Calgary teen shaken up after harsh words from police officer during traffic stop
CALGARY -- Ahmed Ghanem will never forget the words uttered to him by a Calgary police officer as he was dropping off bags of bottles at a northeast Calgary bottle depot on the morning of August 25th.
“As I was pulling the bottles out of my car, he said directly to me, that is one way to get shot,” said Ghanem.
The 18-year-old initially saw the police officer at a four-way stop near the Happy Can Bottle Depot around 9 in the morning. Ghanem says he stopped and turned into the parking lot of the depot, parked his car and started to take the bags of bottles out. It was then he alleges the police officer pulled into the lot and started yelling at him to get back in his car.
Ghanem says the officer was ticketing him for not wearing seatbelt, something the teen says is untrue.
Ghanem says he got back into his vehicle but wanted to make sure the bottles in his bag weren’t leaking so he went back outside the vehicle to double check.
“I told him I don’t want the milk to leak into my car because it stinks,” said Ghanem.
“And he said that is not my problem and that’s one way to get shot. I looked at him like ... shot with a gun? It honestly blew my mind that he said that to me.”
Ghanem says he is especially upset the officer used that kind of language because of police brutality incidents that have happened in the United States, using shooting of Jacob Blake and the killing of George Floyd as examples.
The teen says he called Calgary Police Services after the incident and alerted them to what happened.
CPS confirms, through the officer’s body camera, that an unfortunate comment was made by the officer towards the driver during a traffic stop at a parking lot.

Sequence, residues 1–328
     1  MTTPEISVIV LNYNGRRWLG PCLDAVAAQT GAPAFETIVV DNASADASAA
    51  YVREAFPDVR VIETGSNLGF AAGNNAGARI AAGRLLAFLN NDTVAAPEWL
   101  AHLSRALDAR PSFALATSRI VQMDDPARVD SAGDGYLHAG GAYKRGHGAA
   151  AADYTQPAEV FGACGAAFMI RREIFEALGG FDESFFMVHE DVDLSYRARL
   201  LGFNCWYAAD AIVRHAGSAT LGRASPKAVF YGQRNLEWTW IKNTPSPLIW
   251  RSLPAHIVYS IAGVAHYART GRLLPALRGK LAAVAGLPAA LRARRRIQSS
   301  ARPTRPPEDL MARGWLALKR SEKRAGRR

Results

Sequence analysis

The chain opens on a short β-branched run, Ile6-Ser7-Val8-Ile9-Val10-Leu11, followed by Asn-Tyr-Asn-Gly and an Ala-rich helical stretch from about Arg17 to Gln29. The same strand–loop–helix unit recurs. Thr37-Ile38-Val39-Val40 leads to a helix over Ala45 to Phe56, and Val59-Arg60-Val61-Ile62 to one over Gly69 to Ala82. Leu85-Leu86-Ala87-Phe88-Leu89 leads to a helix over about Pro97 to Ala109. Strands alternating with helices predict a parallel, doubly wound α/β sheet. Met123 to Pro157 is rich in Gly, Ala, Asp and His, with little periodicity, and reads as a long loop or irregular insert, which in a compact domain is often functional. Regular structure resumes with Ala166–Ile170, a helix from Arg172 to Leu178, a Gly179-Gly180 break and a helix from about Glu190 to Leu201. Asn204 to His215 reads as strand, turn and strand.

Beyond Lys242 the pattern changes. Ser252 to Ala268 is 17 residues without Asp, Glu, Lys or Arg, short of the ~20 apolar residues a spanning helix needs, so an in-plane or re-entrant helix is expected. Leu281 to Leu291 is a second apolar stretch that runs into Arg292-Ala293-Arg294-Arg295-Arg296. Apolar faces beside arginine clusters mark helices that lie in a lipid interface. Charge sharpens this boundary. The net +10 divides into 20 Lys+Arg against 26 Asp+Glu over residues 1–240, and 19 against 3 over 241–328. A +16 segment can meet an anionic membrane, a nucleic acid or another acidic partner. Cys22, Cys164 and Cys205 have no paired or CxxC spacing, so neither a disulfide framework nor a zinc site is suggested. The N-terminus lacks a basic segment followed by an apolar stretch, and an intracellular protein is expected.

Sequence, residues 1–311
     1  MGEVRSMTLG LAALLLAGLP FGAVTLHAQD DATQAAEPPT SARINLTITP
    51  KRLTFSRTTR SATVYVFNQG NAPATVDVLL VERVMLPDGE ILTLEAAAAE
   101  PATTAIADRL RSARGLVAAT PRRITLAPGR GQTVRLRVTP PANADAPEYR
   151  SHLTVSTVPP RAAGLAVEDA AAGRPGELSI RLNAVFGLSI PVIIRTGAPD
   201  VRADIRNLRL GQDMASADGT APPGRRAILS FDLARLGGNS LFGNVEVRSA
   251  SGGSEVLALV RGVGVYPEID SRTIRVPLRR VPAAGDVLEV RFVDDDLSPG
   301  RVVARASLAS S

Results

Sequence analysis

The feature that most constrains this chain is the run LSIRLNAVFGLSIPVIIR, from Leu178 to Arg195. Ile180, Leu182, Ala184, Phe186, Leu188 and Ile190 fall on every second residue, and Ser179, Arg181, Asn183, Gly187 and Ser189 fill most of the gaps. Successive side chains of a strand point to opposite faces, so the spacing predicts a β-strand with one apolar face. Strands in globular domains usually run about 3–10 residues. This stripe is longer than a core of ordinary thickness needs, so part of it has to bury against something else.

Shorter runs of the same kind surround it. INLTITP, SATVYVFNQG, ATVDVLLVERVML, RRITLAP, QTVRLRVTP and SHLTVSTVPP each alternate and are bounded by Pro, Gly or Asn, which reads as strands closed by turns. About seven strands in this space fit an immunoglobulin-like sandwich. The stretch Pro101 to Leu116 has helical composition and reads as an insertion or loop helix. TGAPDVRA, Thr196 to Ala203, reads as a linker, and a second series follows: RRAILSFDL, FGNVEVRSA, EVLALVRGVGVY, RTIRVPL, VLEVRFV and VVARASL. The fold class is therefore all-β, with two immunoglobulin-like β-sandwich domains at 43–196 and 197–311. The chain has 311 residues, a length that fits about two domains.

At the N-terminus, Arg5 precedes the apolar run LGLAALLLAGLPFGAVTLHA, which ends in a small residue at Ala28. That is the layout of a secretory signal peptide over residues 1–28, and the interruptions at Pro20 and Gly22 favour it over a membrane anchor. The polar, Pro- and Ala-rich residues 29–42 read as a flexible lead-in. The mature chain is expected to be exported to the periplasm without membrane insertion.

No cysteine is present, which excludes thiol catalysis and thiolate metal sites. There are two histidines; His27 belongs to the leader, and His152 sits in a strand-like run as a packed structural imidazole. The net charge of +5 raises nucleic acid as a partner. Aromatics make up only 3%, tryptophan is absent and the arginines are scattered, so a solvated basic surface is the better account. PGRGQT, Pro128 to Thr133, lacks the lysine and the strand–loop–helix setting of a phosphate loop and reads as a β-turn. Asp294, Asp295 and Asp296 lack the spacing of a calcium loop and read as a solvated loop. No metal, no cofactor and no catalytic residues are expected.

Officer safety issue
In a statement to CTV, CPS said “at that time the driver exited the vehicle and began to grab items from the back seat of his car. The officer directed the driver several times to refrain from doing so, and asked to see the driver’s hands, explaining that it is an officer-safety issue.”
Doug King, Professor of Justice Studies with Mount Royal University, said these types of incidents erode trust between the public and police.
“When you’re in a position of authority, as police officers are, you have to be guarded and conscious about what you’re saying but also how it will also be received,” said King.
Ghanem said at one of his jobs he does interact with police officers and says for the most part he has never had a problem. However, the incident at the depot has him shaken up.
“I was scared, super scared. Now every time I see a cop I’m so scared and even talking a bit about it now I get shaky,” he said.
“You could get that bad cop and you don’t want that and even right now thinking about it, it was such a bad thing to experience and I did not want to get caught up in that.”
Ghanem hopes that his ticket will be dropped and that the officer will get retrained.
CPS says the officer maintains that Ghanem was not wearing a seat belt.
In the statement, CPS confirm that “the officer was verbally counselled that his comments were not acceptable and while he may have felt threatened, alternative language should have been used.”